Men and their sheds

Stanley Oliver
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Stanley Oliver

This week's column may seem a little off the beaten track, but as the weather here in the Big Land finally warms up, so does our desire to spend more time outside the house.

I am sure my thoughts will resonate with at least some portion of the population and may cause a little heated debate in others. However, that is not my intention.

We all need a little private space. Many of us utilize a spare bedroom in our house for an office (but really, it's just a bedroom with our PC, family papers, ironing board or the wife's sewing machine).

But there is something appealing to men and sheds, a place where they (men) think and act like artists and inventors. It has been said that a shed to a man is like a good handbag to a woman; a place to store what some consider to be useless and frivolous stuff?

I would argue that point and even go one step farther to state - thus my stance on this topic - that sheds are very important to maintaining healthy relationships and may even save marriages.

Am I joking? I will leave that for you to ascertain. Both men and women can benefit from this time apart. Why? Because this freedom and separate space is key to a balanced relationship. We have all heard the quote: "I need my space."

Research has shown and stated that men spend an average of 24 days a year in their shed tinkering and conducting hobbies. Additionally, eight out of 10 men say relationships are better for having that "Man Space," and ironically, six in 10 women couldn't agree with them more.

Social psychologists who have done studies regarding this issue proudly state that "it is important for men to have a space where they can call there own, be alone, uninterrupted and putter with their collections. This number increases as men get older and move into retirement."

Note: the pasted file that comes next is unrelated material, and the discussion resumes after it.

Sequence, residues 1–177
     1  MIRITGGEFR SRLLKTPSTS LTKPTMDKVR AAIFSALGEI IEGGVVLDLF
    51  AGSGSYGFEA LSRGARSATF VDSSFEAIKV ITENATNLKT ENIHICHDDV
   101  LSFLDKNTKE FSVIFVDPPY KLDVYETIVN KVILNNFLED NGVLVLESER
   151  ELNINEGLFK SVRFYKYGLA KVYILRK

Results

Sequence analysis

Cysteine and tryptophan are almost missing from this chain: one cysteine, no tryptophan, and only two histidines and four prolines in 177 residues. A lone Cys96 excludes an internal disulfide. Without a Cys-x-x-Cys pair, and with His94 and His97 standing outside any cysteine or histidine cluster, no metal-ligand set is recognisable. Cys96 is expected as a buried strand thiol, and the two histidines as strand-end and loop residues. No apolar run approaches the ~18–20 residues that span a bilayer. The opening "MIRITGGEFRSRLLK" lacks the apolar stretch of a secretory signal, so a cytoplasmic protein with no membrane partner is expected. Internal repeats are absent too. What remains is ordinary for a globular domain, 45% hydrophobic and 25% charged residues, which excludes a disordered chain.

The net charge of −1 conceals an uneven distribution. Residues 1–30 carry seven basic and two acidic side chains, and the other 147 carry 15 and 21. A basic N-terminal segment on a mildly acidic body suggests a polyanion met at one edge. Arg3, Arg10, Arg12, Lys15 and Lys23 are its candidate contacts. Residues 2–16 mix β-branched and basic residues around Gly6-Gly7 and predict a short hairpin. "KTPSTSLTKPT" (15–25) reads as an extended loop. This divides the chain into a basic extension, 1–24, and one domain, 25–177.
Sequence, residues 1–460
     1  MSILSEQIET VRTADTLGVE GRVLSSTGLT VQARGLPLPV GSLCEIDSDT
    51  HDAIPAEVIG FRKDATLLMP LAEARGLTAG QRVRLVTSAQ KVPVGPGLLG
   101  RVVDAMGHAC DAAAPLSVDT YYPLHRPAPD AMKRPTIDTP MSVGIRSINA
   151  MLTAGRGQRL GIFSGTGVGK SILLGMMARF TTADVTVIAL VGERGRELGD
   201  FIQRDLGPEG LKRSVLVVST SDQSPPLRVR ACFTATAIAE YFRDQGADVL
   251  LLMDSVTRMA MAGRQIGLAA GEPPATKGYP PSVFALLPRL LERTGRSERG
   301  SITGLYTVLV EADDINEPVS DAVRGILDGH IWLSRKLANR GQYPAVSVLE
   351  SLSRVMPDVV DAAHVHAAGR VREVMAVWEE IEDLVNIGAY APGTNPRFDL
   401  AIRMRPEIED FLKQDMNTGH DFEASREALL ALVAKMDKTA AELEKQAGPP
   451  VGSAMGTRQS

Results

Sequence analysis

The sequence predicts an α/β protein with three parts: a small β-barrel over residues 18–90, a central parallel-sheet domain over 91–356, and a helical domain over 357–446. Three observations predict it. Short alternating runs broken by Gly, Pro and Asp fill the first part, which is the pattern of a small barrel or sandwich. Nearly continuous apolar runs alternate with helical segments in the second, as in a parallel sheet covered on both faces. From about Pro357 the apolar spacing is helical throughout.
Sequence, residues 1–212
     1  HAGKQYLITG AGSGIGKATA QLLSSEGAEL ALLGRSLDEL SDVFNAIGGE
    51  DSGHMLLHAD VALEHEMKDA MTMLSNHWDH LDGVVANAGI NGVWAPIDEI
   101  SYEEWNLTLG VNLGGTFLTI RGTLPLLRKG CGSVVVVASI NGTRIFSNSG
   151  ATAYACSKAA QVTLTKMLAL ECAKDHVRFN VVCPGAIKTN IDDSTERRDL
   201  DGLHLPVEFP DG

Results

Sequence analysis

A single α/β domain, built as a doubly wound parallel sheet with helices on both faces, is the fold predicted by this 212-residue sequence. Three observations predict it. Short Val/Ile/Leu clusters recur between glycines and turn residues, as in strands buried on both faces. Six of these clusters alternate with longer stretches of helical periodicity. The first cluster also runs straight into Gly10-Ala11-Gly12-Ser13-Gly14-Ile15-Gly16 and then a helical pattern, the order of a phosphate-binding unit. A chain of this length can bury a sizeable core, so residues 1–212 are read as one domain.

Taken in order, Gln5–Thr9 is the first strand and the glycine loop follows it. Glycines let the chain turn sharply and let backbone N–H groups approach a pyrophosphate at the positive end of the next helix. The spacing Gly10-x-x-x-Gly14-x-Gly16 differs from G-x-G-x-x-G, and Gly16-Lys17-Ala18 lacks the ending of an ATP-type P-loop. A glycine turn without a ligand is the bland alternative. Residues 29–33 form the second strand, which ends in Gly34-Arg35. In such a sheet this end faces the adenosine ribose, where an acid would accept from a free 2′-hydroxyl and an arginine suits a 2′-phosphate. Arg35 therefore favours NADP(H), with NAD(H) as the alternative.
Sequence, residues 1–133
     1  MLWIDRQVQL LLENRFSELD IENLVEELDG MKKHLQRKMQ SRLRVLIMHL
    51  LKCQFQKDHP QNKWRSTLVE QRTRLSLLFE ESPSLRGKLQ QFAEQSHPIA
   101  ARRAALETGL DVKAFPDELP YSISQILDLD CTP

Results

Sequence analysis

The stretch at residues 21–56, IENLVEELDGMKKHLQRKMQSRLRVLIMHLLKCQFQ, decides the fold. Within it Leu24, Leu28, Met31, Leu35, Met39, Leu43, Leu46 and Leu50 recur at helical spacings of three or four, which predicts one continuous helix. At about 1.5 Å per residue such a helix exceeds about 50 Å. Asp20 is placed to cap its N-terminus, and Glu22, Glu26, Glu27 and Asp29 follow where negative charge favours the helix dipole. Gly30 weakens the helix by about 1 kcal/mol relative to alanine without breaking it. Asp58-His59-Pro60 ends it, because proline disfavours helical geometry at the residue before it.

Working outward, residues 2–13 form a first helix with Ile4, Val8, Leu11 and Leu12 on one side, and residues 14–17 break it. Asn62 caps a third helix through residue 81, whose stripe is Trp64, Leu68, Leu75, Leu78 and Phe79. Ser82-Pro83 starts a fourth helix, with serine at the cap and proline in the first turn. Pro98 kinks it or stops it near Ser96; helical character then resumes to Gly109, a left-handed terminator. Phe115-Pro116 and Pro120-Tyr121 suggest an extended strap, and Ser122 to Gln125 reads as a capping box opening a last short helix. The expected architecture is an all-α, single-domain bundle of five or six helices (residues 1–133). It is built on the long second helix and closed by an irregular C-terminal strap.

Makes sense to me. Sometimes men, including myself, just go out into our sheds to pretend we are real mechanics and carpenters and are doing something very important. Retired men who have specific skills still like to be out in the shed and use those skills and sometimes even share those skills with their sons, sons-in-law, buddies and friends, with no instructional fees.

So now we see the additional benefit of sheds (besides saving marriages), a place for social interaction, a place for mentorship and a place to pass on knowledge and experience to advance our young people. Sheds/workshops can be designed for the experienced as well as the novice who would like the opportunity to share, one could say, a community approach.

On the Elliot Reserve, in conjunction with Auckland Council members of the band and town, council opened a community shed project in 2012 where retired volunteers can work on specific projects and pass those skills on to willing young people.

What a great way to engage our youth and create community involvement.

Another added advantage of the community shed concept is that participants sometimes are able to assist other not-for-profits with specific projects that benefit the whole community.

For example, building garbage bins for our seniors and disabled people. For all those involved in this concept, not only the opportunity to learn new skills is in the forefront, but social networking can be very helpful and help build self-esteem. They (participants) feel better about themselves and feel they are productive and valuable to our society in general. I must admit, I rather like this idea and I believe it would be a great thing to have in our community.

So first this column started off with a little fun and making light of the so-called "man cave," but to be serious for a moment, I think the concept of community sheds, if co-ordinated in the right way, can be a wonderful thing and have significant positive impacts on a community in a variety of ways.

Stan Oliver writes from Happy Valley-Goose Bay. He can be reached at .


Organizations: Auckland Council

Geographic location: Happy Valley, Goose Bay

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